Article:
In short customer satisfaction is "The provision of goods or services which fulfill the customer expectation in terms of quality and service, in relation to price paid."


IT costs at least 7 times more to source a new customer than it does to retain existing one A 'satisfied' customer tells 5-7 people in a year whilst a 'dissatisfied' customer will tell 14-15 people. Companies can boost profits anywhere from 25% to 125% by retaining a mere 5% more of their exciting customers. Totally satisfied customers were 6 times more likely to use that services and commend it than ' satisfied' customers. Customers who have a bad experience with you and do not complain are only 37% likely to still do business with you. Customers who have an opportunity to complain and the complaint is achieved are 95% likely to still do business with you.

Factors of customer satisfaction

Service quality Reliability Quality of service of the staff Reliability of service Knowledge of the staff Being kept informed of progress The way service kept its promises The way the service handled any problem Friendliness of staff How sympathetic staff were to your needs Speed of enquiries Number of time had to contact the service.


Customer Satisfaction Methodology: Introduction Organizations are increasingly interested in retaining existing customers while targeting non-customers; measuring customer satisfaction provides an indication how successful is the organization at providing products and/or services to the market place. Customer satisfied is an ambiguous and abstract concept and the actual manifestation of the state of satisfaction will vary from person to person and product/service to product/service. The state of satisfaction depends on a number of both psychological and physical variables which correlate with satisfaction behaviors such as return and recommend rate. The level of satisfaction can also vary depending on other options the customer can compare the organizations products. Any methodology for researching customer satisfaction cannot be meaningfully evaluated without first articulating exactly what it is one wants it to accomplish. In a competitive environment, customer satisfaction is crucial to long-term profitability. Given the opportunity to choose, customers whose needs or desires are not met will not continue to support the companies from whom they have been buying.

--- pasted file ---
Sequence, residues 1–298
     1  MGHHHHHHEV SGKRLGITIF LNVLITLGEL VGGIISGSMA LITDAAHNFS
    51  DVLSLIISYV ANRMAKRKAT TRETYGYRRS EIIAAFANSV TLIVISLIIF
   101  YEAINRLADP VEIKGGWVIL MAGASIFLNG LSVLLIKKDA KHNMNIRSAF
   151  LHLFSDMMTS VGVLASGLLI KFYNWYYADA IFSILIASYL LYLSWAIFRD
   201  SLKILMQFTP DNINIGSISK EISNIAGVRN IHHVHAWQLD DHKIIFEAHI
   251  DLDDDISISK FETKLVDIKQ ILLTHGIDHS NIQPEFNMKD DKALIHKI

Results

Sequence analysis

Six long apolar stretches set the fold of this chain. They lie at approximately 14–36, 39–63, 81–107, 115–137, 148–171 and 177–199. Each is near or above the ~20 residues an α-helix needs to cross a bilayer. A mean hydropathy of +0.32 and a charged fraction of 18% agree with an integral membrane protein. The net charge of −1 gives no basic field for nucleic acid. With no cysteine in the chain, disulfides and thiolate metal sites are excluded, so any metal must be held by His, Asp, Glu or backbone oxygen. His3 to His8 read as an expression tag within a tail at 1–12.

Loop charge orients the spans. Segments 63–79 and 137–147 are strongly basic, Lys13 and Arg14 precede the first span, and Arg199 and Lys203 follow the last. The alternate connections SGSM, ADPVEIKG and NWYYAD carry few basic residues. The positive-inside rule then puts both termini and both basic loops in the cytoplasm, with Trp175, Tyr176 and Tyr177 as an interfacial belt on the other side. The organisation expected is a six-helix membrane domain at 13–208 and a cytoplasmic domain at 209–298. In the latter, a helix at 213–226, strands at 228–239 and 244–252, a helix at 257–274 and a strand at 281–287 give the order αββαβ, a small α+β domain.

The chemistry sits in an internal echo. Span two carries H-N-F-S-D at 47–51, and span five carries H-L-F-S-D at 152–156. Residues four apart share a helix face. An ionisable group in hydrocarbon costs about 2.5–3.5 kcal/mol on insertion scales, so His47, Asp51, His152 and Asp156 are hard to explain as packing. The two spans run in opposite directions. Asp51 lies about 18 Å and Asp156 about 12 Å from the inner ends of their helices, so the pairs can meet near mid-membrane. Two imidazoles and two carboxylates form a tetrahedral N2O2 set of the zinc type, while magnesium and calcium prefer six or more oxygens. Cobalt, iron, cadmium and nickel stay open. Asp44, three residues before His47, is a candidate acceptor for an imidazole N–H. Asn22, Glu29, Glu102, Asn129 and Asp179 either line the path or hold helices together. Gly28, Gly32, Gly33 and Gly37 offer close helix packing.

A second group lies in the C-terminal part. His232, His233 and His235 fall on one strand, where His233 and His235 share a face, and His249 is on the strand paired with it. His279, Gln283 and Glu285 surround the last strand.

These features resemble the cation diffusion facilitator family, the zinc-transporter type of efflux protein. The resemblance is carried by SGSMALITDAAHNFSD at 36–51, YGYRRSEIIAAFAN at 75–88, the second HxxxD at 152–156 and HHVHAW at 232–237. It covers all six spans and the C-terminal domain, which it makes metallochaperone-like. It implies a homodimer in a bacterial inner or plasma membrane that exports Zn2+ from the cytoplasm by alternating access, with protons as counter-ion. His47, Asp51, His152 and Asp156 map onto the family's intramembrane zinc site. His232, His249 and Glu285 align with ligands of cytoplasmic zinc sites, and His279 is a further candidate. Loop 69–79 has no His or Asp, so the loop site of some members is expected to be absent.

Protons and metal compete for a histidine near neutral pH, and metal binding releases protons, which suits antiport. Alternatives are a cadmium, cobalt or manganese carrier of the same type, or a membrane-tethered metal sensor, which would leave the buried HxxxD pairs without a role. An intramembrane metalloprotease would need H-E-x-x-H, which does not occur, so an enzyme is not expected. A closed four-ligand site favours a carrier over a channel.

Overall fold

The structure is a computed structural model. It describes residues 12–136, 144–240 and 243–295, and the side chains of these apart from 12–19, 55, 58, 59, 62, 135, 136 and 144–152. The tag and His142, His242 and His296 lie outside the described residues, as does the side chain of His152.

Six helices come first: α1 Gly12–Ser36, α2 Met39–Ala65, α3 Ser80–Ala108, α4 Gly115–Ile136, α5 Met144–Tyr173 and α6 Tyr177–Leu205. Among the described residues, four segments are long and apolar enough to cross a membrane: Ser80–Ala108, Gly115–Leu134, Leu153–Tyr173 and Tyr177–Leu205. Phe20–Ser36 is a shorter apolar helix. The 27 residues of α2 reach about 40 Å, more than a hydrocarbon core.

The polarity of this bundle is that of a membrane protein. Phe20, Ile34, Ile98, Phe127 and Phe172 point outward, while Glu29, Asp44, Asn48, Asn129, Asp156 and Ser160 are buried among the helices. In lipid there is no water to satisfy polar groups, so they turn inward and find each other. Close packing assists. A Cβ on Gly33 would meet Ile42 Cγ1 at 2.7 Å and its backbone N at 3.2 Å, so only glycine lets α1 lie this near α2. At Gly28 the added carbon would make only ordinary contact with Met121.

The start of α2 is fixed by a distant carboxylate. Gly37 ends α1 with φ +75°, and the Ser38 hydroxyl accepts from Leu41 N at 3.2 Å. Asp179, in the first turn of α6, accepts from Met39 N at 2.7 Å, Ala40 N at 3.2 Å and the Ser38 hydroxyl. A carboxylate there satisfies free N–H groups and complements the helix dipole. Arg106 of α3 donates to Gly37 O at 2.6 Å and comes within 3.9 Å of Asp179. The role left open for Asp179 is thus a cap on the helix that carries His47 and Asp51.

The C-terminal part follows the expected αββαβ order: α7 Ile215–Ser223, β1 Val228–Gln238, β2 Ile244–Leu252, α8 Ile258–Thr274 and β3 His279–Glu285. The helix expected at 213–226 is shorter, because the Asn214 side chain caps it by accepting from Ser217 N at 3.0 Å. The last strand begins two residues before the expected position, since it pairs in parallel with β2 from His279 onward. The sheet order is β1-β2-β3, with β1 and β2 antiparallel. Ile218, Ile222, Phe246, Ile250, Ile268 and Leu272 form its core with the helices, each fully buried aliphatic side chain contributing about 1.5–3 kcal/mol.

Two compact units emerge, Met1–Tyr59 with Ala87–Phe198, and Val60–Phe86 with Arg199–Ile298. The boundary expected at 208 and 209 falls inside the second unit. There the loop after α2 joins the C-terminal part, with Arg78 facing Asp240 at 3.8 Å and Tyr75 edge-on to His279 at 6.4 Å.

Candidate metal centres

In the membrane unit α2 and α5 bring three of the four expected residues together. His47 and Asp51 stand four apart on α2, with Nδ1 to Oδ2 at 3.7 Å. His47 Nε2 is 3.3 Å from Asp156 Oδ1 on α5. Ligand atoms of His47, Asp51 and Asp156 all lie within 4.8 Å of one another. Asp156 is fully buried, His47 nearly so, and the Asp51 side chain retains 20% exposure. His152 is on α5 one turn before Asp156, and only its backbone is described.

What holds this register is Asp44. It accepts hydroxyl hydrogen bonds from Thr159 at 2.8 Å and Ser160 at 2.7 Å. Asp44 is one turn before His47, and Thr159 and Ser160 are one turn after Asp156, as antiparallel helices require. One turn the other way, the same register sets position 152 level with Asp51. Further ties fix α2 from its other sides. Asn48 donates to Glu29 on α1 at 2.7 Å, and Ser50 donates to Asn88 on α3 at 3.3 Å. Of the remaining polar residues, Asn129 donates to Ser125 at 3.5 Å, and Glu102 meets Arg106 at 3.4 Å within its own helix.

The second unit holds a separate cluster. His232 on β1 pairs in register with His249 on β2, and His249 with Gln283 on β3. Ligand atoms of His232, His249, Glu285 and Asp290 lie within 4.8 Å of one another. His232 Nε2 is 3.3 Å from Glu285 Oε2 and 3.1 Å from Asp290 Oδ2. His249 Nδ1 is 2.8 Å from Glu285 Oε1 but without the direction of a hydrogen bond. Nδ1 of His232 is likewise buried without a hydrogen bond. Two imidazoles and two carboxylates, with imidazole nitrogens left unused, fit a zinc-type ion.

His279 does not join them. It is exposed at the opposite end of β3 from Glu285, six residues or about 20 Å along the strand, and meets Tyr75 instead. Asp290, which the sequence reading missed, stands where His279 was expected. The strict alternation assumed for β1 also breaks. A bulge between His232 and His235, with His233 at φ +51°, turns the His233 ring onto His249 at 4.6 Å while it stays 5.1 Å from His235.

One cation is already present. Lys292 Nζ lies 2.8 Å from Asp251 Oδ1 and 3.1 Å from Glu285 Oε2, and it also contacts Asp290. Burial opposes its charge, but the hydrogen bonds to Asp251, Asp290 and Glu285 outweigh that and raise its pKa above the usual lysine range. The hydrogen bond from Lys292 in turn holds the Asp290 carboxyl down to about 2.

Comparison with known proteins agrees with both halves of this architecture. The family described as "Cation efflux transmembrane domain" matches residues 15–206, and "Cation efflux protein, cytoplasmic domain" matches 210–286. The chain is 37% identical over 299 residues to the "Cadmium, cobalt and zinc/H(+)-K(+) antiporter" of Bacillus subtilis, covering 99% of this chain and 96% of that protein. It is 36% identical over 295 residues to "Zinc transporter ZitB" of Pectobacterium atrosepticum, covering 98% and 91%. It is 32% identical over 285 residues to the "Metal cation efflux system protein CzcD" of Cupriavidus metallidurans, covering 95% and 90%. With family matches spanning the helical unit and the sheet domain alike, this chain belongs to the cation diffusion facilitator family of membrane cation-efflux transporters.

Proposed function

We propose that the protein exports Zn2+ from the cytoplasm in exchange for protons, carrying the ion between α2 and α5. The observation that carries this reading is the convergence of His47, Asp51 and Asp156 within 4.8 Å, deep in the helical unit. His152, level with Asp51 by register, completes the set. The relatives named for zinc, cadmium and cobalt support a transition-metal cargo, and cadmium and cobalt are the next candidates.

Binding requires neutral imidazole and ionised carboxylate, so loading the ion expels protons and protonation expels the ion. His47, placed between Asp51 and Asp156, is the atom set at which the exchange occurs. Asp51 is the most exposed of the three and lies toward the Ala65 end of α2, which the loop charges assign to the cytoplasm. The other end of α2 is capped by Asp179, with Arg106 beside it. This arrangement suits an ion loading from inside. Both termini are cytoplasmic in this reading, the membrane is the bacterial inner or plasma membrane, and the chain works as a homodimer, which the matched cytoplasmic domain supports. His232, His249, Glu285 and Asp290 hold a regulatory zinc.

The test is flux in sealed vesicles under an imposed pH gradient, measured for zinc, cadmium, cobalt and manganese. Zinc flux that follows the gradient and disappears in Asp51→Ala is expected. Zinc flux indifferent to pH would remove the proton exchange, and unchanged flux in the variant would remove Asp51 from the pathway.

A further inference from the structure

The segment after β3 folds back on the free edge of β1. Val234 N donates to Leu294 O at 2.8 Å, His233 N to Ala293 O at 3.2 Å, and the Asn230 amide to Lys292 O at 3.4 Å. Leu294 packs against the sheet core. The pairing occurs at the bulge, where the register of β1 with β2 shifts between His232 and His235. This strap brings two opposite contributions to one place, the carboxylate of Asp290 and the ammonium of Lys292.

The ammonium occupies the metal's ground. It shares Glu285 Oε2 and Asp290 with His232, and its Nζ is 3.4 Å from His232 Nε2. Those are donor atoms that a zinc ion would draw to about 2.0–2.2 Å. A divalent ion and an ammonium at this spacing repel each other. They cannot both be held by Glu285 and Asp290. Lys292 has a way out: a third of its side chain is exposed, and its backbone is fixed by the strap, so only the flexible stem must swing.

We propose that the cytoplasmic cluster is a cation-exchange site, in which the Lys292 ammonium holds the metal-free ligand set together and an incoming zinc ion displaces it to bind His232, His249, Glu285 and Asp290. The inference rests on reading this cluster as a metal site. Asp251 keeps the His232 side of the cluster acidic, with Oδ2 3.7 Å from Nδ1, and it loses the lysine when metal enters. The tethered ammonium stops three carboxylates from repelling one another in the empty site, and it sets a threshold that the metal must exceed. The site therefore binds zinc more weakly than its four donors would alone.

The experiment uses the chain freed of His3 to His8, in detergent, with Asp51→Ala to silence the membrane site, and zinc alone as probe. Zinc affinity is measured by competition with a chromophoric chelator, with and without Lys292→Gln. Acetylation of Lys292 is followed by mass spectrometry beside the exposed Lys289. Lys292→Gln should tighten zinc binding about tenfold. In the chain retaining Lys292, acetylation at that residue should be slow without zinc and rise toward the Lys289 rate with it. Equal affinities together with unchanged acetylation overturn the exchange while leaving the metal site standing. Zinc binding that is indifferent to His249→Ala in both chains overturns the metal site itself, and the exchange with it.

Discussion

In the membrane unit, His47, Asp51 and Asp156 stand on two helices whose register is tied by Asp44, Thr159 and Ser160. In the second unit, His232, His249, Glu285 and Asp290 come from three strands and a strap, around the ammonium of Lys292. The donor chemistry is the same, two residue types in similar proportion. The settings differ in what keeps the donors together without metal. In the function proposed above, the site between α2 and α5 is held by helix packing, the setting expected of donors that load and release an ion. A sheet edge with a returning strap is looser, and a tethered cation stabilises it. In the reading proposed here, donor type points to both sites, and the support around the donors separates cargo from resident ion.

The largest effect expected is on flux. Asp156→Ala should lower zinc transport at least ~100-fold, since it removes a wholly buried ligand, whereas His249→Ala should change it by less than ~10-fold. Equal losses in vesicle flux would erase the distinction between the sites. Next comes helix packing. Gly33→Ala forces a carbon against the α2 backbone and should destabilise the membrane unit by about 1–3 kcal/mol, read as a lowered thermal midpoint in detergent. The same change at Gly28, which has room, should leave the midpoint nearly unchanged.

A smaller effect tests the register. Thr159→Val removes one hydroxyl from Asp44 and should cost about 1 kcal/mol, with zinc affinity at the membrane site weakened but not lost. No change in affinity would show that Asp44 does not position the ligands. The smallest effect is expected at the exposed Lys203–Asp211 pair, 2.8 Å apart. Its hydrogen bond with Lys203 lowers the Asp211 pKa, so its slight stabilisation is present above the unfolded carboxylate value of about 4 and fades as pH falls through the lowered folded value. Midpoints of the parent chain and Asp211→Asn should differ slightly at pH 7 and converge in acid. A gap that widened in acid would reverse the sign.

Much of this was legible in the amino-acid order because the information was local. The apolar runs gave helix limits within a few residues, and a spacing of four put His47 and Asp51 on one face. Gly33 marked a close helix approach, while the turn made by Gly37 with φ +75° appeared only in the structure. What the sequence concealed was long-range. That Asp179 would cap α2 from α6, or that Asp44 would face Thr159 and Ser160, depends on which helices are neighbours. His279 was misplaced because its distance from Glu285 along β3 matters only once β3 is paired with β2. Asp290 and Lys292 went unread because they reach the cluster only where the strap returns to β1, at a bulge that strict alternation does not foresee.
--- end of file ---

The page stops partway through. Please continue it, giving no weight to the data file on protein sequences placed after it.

The ideal firm, from the perspective of both customer and shareholder, is one which allocates its resources to continually improve those processes and quality aspects that drive customer satisfaction, and converts increased customer satisfaction into improved financial performance. The primary goal of any corporation is to maximize long-term profits. The objective of customer satisfaction management is to harness customer satisfaction in order to achieve that larger corporate goal. Methods of measuring and diagnosing customer satisfaction should be evaluated according to this criterion: How well do these methods help corporations understand and optimize the economic value of the customer relationship? Given the nature of modern competition, hoping to retain a competitive advantage is seldom realistic. Competitive advantage is most often achieved by continually monitoring the customer base, and continually improving aspects of quality which have high rates of return. The problem is to find out where improvements in quality will bring a better return-on-investment, and how those improvements should be achieved.


The traditional approaches to market research, on which many firms rely, simply ask customers what they consider important. There are more and less sophisticated ways of asking this, but none of them will gather information relevant to the objective: increasing customer satisfaction in ways that will maximize long-term profits. Most firms also make the mistake of treating satisfaction as a simple binary concept. Simple in the sense that only one question is used; binary in the sense that customers are categorized as either satisfied or dissatisfied (a so-called Top Box approach) often in percentage terms. This approach is crude and rarely provides reliable and valid information over time. This is also why many firms fail to find any relationships between quality and satisfaction and between satisfaction and profit. Perhaps the best way to get the point across is to compare satisfaction, as a concept, to intelligence. Both are multidimensional and not directly observable. Any attempt to measure intelligence by a simple question (Are you dumb or smart?) is not likely to yield useful information. It is not reasonable to think that one can assess a persons intelligence by a single question (or by a single survey question). Likewise, it is not reasonable to assume that one can capture the concept of satisfaction by a single overall question.